Tag Archives: Quakerism

Differences between American and Cuban Quakerism

by Liam Mitchell ’19 

Although I’ve been attending Quaker meeting for 12 years now; I can’t really say that I’m a true Quaker. However, through my time being involved in Quakerism I’ve come to learn that you don’t need to necessarily identify with a religion in order to truly understand it.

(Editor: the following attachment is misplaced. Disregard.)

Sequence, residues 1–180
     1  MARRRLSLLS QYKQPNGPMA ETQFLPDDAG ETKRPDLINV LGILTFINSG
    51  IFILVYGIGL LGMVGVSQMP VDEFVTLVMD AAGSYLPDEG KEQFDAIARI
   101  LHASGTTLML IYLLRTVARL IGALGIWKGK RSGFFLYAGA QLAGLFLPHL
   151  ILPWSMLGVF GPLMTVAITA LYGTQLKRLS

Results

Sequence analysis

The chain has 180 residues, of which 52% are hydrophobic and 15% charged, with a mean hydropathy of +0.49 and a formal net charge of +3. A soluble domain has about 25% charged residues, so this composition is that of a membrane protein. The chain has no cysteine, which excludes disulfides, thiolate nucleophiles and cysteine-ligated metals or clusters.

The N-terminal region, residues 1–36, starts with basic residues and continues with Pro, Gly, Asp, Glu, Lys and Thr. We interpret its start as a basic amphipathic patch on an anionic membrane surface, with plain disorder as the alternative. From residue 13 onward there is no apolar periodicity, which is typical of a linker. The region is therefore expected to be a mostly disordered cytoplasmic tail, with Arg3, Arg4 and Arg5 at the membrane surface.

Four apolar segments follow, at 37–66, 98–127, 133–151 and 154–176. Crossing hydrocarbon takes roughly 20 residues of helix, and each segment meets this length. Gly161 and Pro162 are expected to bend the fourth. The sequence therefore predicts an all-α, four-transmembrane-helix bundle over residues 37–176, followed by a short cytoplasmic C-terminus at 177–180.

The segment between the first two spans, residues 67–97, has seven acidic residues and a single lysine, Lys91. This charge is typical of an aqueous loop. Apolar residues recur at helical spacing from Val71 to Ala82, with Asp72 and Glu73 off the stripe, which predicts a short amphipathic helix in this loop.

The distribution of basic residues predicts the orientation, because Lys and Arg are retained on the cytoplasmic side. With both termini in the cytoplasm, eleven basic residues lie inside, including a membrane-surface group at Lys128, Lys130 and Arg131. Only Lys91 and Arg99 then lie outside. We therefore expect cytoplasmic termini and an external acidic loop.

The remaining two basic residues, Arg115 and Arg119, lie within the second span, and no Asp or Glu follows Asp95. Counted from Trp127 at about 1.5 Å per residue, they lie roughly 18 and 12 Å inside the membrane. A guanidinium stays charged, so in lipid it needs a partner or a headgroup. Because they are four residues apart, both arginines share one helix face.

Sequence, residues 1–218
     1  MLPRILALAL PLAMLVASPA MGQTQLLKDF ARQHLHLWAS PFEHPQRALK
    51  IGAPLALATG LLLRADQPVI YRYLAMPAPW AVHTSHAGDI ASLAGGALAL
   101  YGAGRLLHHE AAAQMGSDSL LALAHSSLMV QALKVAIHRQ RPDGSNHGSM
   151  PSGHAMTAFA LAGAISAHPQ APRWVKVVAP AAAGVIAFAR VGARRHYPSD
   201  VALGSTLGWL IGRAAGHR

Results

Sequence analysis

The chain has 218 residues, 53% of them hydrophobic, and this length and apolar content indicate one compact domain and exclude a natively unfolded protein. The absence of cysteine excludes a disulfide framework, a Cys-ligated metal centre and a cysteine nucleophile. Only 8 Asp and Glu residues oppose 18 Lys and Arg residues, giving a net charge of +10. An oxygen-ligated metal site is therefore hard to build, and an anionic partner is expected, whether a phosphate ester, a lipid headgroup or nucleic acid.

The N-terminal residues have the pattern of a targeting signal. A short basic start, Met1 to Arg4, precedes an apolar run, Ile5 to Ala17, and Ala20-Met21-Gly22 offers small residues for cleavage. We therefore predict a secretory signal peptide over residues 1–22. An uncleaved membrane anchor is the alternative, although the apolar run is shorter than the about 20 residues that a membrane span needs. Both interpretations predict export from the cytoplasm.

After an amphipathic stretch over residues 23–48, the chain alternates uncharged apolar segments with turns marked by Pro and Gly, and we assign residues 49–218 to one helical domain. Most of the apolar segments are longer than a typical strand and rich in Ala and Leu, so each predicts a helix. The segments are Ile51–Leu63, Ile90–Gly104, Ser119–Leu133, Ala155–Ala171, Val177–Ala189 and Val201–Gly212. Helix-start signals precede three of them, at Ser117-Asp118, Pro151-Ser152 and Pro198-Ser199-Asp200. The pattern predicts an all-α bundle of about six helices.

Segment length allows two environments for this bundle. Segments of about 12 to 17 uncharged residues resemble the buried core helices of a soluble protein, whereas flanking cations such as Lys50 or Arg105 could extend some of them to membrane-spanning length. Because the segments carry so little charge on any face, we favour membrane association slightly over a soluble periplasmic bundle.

The majority of what we are taught at George School about Quakerism is living your life by the SPICES, (simplicity, peace, integrity, community, equality, and stewardship,) and seeing the light in everyone. A typical Quaker meeting for me is in the meeting house, with 30 to 40 minutes of silence with the occasional heartfelt message from a peer about some sort of event that they are going through, or something that is on their mind. Sometimes a full meeting can go by without anyone saying a word. There is no defined leader, and no set schedule. Everyone is in their own space with their own thoughts, not being moved or influenced by anything else. Going to a Cuban Quaker meeting was definitely a different experience. There was a leader of the meeting, who led prayer and told us what was happening when. There were songs, poems, and opportunities for everyone to share regarding topics such as ´what are you thankful to God for today.´ The meeting was focused more on God, and how He is the one we should follow in our times of need. There was very little silence, maybe only a few minutes total, and they were used to think of what you would like to share. At one point, while everyone was singing, people got up out of their chairs to hug and greet one another, all the while singing that being together was such a blessing. While we shake hands with Tom before we enter meeting, the Cubans hug and smile, and greet each other so enthusiastically that you would assume they see each other once a year, rather than once a week. There are differences between Cuban and American Quakerism but American and Hispanic Quakerism. I spent some time in Costa Rica about 4 years ago, and had the pleasure of attending a small gathering of friends in Monteverde. The service was similar, with lots of prayer and songs, and little emphasis on silence.